“Another van-ride choon from our past, albeit covered by the New Bomb Turks at the time. The Nervous Eaters were a staple punk rock act of the late ’70s and early ’80s. A song about a guy in such a hurry, he doesn’t even have time for “the old in-out, in-out” with his female companion, so, well… “just head, cos I’m in a rush. Just head baby, that’ll be enough!” Touching lyrics to say the least, but the music is full-throttle punk rock and roll of the kind you got out of places like Boston.”

6. Stiff Little Fingers – Wasted Life.
“There were bands like the Clash and the Pistols singing about what pisses them off or trying to be as vile as possible. Then you had some Northern Irish kids who, though obviously influenced by the above, had to contend with sectarian violence, bombs going off, extreme police brutality, and poverty, who decided to start a band and sing about THEIR problems. Needless to say, there isn’t a trite word or phrase on the “Inflammable Material” album. “Wasted Life” is a song from the trenches. It isn’t about anarchy, social problems, or faraway stuff that students tend to protest about…. it’s about the pressures of joining a paramilitary hitsquad and killing your fellow countrymen in the name of queen and crown, or God and the Pope. This song is saying “fuck you” to sectarianism in the middle of it all. Tough as nails, razor sharp tune, with truly emotionally-charged lyrics puts this bad larry over the top.”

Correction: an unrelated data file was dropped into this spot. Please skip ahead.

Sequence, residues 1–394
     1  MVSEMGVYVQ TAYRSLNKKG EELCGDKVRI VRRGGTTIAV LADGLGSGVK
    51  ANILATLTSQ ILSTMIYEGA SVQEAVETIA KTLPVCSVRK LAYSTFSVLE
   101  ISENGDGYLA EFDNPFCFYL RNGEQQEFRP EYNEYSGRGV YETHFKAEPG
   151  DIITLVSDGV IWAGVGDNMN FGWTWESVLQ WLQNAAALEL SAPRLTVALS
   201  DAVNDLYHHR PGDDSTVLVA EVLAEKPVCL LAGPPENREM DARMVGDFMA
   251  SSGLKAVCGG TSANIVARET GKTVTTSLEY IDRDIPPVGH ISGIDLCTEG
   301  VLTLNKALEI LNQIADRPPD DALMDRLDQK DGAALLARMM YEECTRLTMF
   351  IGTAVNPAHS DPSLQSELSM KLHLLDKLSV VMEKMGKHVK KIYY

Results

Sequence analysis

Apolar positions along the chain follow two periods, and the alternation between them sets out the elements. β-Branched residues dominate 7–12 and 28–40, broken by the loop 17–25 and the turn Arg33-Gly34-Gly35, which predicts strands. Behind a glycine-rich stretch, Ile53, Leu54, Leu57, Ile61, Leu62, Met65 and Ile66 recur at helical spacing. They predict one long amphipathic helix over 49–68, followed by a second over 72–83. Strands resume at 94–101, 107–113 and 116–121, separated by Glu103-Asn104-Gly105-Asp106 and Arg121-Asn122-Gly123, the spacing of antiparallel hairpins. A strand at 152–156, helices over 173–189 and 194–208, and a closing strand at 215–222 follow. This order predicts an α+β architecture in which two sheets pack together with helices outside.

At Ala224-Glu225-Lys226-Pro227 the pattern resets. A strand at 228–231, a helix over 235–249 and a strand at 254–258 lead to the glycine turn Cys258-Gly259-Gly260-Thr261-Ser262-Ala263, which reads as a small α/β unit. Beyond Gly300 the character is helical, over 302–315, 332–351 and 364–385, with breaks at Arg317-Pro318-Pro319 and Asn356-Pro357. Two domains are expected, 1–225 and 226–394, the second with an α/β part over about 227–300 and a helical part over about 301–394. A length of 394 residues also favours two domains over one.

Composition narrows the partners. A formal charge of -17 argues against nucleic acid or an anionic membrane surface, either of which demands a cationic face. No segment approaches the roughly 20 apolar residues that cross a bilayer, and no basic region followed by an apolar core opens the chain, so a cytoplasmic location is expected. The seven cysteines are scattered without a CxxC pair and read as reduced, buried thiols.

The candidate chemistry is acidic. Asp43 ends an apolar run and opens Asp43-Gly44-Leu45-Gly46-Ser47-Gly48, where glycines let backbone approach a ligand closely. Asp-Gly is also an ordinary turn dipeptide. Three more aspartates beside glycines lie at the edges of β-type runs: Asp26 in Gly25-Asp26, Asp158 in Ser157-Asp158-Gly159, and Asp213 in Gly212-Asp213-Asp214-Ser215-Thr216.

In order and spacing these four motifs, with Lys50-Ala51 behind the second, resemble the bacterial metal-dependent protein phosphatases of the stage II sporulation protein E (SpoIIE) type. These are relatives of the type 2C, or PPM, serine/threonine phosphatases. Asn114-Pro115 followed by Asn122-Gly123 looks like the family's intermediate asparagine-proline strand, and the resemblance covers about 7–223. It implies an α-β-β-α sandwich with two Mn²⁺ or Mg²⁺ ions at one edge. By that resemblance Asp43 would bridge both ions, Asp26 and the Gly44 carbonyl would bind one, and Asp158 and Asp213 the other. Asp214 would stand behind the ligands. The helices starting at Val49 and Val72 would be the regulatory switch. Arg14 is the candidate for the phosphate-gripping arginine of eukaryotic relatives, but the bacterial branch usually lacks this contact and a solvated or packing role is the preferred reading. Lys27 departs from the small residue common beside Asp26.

5. The Clash – What’s My Name.
“The first Clash album probably got played more between our bandmates over the years than any other. A tale of paranoia, youthful angst, and violence. We can all relate to this stuff to some degree. Instantly-catchy chorus, which I imagine didn’t come part-and-parcel with the verse lyrics, but seems to shout a symptom of what the verses are trying to convey. Probably not so deep, but it makes for a great song that I’ll never get sick of.”

4. The Adolescents – Amoeba.
“This one gets the old guard in the band really going. Featured on the “Blue Album”, from 1981, I think Al and Ken know every word of this song and every song on this album by heart. Raging, tuneful, and undisputedly anthemic, with wacky sci-fi lyrics, this was proper West Coast hardcore for the non-mall punk.”

3. The Anti-Heros – Carte Blanche for Chaos.